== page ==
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Memory

A semiconductor device capable of retaining state information for a defined period of time.
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Description

Without memory, digital electronic circuits would be restricted to designs where the outputs are combinatorial expressions of the inputs. Memory provides state storage which is the basis of all forms of computation. Memories are a tradeoff between density, performance, cost, complexity, reliability, lifetime and many other factors meaning that the choice of memory type is sometimes a very complex decision. The types of memories have changed over time as new technologies have been developed and fabrication technologies for them matured.

Memory is often the first type of design to deploy new fabrication technologies. This is due to the fact that the cells are highly replicated and those cells are custom designed. Once a cell has been correctly defined, it can be replicated using a fixed grid without having many additional problems. This does not take into account the logic that may be necessary for reading, writing, refreshing or other maintenance functions.

The high levels of replication often mean that custom processes are developed to optimize their development and reduce costs. Thus, for large quantities of memory, separate chips are often used. However, many chips require memory to be embedded and this may require additional processing steps or not enable the most optimal layouts. The decision about where to place memory can have significant impact on the cost and performance of a system.

The global sales of memory to semiconductor device manufacturers and end users is expected to be worth nearly $79 billion in 2014, an 11.3% compound annual growth rate (CAGR) over the 2009 value of $46.2 billion. This does not include the value of embedded memories.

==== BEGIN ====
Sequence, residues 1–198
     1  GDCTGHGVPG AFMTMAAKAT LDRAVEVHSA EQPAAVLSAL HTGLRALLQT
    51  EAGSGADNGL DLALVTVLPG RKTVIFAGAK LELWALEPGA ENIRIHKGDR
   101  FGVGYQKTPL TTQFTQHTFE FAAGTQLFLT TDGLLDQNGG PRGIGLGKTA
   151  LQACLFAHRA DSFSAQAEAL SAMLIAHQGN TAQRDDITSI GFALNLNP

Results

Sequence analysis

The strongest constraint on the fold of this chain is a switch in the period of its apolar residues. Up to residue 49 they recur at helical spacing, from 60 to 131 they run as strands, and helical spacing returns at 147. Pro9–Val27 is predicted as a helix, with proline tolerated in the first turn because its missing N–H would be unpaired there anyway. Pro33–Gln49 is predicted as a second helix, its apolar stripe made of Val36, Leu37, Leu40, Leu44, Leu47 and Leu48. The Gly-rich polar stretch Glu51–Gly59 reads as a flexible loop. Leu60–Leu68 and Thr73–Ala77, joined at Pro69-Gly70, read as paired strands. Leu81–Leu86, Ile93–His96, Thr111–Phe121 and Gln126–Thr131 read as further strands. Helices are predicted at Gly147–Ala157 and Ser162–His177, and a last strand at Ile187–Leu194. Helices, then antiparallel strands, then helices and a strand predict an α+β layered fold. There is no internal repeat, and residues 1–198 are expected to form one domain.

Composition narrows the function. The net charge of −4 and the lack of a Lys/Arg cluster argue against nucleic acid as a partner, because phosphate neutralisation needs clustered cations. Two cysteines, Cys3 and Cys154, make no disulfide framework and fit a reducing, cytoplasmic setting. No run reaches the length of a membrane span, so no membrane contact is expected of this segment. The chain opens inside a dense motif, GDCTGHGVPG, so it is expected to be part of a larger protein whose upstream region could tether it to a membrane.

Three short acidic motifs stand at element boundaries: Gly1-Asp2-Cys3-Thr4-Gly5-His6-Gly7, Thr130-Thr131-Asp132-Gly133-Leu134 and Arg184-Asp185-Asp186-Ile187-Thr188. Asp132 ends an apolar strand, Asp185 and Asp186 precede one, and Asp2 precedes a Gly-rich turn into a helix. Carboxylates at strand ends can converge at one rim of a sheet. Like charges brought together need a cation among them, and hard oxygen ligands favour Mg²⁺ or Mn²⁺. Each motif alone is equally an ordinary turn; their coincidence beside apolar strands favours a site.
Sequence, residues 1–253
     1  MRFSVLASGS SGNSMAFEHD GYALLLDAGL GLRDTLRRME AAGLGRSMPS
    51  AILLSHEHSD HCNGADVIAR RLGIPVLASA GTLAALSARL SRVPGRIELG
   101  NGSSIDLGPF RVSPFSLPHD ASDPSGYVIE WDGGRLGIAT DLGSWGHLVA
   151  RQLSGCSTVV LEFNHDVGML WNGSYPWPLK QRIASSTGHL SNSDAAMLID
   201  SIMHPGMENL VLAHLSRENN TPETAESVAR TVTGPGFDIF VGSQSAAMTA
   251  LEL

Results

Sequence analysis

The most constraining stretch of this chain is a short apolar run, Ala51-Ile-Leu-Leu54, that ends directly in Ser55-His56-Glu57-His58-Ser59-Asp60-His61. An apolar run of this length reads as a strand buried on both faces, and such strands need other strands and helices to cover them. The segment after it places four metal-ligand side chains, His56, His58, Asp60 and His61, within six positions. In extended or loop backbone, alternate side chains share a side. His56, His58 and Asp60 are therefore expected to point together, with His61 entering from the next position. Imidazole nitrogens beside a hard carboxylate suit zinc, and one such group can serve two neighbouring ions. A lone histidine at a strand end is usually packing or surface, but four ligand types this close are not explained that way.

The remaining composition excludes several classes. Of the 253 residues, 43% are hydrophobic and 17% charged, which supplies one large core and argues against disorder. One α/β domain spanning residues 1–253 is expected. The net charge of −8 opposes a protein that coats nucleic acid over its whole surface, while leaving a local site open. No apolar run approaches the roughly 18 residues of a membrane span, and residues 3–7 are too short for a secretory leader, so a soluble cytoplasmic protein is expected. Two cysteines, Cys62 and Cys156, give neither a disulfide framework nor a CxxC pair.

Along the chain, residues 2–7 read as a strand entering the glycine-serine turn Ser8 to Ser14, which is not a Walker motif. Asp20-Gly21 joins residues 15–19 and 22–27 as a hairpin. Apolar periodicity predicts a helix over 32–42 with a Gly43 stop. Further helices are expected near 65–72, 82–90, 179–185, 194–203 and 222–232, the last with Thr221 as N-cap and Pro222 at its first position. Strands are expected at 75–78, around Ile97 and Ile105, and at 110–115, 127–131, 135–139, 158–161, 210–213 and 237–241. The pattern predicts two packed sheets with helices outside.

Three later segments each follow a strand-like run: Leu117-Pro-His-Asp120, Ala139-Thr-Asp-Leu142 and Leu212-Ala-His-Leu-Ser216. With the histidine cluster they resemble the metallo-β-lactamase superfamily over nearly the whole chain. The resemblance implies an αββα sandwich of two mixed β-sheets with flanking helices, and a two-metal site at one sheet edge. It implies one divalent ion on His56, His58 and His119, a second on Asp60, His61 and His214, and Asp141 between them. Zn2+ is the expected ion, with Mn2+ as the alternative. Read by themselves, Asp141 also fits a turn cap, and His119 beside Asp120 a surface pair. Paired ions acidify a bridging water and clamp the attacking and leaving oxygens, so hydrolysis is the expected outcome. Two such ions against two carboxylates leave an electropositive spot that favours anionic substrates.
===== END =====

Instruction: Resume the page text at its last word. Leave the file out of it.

Many different types of memory exist, and there are several ways in which they can be classified. The biggest divide is between those that are volatile and those that have some degree of persistence. The biggest example of a volatile memory is Dynamic Random Access Memory (DRAM). This is the main memory for computers. It can retain its contents for about 100ms. It extends this period by doing refresh cycles that “top up” the charges that represent the values. At the other end of the scale is something like flash memory that never has to be refreshed. You can also remove the power and it retains its state. Somewhere in the middle would be a Static Random Access Memory (SRAM). This does not require the refresh cycles of DRAM because the circuitry itself is providing that in a constant manner. However, it will lose its memory when the power is removed.

Another way in which memories is the number of times they are programmable. Here we find Read Only memory (ROM) at one end of the scale. The program for it is decided at design time and fixed during chip fabrication. At the other end is SRAM or DRAM that have an effectively unlimited number of times that they can be reprogrammed. In the middle is something like flash that can be programmed a significant number of times, but they wear out in the process meaning that they have a finite lifetime.


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